As a Romanian immigrant to the United States, I live in and between two diametrically opposed cultures; from a totalitarian regime to a society in which individuality and information are emphasized. I often dwell upon the relationship of my identity to my displacement, and the ways I have devised to reconcile these incongruous elements. To translate this dilemma formally, my current body of work tackles the dichotomy between containment and liberation by infusing a static diagram with a charge that propels it into motion.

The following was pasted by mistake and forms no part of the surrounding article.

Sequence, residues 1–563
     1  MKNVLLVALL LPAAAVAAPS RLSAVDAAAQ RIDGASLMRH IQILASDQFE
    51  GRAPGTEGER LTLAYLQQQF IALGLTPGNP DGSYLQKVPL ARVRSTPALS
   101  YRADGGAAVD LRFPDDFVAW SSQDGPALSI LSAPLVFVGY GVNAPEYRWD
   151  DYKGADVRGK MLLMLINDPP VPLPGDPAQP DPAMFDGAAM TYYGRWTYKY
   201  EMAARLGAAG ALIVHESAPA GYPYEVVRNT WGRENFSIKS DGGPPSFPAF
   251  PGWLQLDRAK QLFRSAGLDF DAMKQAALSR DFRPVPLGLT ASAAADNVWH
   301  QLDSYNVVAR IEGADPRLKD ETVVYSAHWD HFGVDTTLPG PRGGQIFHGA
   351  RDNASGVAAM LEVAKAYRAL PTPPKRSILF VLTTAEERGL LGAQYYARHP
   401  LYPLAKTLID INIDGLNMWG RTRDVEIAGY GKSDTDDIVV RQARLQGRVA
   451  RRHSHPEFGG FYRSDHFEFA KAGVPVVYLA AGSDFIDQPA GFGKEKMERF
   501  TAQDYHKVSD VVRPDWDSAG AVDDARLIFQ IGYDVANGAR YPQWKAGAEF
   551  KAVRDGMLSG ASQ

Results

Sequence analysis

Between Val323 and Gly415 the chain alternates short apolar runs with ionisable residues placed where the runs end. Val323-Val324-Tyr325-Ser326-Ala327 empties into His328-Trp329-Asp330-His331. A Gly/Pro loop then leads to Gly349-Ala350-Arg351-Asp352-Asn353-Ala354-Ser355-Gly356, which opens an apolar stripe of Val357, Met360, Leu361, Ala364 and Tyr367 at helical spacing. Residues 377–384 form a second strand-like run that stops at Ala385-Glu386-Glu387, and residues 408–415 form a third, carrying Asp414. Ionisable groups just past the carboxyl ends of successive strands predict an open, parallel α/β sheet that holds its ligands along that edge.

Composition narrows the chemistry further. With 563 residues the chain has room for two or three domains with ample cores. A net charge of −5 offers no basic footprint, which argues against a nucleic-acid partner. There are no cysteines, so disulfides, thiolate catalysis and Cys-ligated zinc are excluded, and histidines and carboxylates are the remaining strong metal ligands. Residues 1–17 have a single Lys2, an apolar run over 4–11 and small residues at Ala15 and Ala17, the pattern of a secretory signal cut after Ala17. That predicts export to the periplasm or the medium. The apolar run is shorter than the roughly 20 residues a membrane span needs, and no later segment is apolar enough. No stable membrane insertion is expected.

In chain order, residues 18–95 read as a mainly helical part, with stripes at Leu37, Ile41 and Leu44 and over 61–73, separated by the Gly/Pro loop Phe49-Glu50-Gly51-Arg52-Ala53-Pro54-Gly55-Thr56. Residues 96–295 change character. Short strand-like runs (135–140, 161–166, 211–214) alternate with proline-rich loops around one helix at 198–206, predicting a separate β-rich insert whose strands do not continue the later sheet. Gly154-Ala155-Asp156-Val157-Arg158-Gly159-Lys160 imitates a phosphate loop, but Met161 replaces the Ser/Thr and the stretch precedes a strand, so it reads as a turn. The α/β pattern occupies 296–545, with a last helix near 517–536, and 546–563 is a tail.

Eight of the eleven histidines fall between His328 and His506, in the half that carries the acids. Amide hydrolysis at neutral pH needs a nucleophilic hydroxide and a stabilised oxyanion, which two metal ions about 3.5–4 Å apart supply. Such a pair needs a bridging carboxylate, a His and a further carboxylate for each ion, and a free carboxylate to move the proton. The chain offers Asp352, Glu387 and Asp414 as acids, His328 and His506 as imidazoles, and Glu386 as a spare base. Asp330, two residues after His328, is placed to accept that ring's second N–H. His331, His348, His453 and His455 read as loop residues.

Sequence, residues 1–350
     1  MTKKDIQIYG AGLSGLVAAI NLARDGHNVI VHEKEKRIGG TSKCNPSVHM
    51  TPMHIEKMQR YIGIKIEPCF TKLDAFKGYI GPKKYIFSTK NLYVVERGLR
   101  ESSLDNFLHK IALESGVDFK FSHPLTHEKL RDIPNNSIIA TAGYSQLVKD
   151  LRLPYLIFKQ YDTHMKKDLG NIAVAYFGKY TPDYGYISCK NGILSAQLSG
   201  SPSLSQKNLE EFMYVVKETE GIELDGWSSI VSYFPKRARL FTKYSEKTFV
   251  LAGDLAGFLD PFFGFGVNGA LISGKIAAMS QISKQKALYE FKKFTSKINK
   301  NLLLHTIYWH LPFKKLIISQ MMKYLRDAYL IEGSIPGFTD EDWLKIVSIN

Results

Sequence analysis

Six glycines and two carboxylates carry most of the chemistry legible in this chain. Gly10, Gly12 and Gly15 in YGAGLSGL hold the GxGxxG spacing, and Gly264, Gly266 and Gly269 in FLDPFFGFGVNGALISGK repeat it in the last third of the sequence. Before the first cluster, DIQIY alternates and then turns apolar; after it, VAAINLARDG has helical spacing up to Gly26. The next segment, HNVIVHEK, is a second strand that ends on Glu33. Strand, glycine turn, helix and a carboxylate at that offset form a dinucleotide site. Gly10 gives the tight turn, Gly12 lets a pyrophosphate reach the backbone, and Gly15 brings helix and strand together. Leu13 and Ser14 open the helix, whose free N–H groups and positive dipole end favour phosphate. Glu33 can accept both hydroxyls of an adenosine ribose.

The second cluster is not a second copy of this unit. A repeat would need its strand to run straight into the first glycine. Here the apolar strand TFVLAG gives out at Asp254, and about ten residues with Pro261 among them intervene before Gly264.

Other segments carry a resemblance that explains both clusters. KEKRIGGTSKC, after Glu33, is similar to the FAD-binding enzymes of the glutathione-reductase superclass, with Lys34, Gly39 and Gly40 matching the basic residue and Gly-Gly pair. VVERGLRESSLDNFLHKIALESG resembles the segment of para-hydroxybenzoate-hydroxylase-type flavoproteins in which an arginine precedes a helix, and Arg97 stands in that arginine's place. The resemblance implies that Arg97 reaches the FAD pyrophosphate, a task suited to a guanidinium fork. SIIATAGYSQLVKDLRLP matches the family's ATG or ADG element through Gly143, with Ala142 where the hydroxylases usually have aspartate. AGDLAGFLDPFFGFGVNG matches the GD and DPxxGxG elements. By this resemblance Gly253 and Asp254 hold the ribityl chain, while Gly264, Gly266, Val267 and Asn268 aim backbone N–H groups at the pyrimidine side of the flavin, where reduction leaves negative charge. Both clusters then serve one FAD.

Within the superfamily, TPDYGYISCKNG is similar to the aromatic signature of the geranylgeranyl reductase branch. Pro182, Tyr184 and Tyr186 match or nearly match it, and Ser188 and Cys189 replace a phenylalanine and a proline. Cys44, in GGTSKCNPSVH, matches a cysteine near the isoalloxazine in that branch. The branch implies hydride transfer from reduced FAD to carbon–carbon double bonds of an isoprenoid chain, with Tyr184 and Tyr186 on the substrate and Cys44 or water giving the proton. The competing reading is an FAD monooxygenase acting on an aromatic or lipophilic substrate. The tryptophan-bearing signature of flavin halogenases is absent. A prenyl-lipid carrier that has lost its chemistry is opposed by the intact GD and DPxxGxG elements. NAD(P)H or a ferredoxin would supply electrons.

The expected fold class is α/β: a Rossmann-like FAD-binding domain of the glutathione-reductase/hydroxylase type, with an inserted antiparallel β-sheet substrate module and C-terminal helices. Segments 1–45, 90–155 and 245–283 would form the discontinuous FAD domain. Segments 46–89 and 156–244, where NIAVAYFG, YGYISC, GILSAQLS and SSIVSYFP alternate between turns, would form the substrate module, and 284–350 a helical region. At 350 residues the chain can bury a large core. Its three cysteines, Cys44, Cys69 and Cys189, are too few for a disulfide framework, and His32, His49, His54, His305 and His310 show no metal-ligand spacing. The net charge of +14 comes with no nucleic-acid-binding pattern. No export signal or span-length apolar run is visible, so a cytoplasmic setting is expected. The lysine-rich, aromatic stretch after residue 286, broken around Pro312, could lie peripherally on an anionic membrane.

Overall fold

The elements I incorporate in my visual lexicon are either borrowed directly or paraphrased from several disparate arenas including Eastern European folklore, architecture, and topography. Collectively these references create complex and fractured allegorical “maps” of my physical, emotional and intellectual journey. I regard these maps as a means to explore loss itself as a form of identity, an identity that transforms the schema of containment into ritualized forms of self-expropriation.